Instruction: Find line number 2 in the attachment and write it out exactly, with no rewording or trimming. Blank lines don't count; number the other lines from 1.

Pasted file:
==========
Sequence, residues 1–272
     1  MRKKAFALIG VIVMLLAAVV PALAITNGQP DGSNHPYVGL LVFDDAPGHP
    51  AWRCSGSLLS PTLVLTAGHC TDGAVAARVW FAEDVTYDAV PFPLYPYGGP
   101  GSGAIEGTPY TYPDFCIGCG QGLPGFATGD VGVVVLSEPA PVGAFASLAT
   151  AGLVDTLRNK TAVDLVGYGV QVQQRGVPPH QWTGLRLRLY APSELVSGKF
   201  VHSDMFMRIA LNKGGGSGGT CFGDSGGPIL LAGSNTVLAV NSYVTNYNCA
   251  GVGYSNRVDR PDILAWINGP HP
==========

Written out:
     1  MRKKAFALIG VIVMLLAAVV PALAITNGQP DGSNHPYVGL LVFDDAPGHP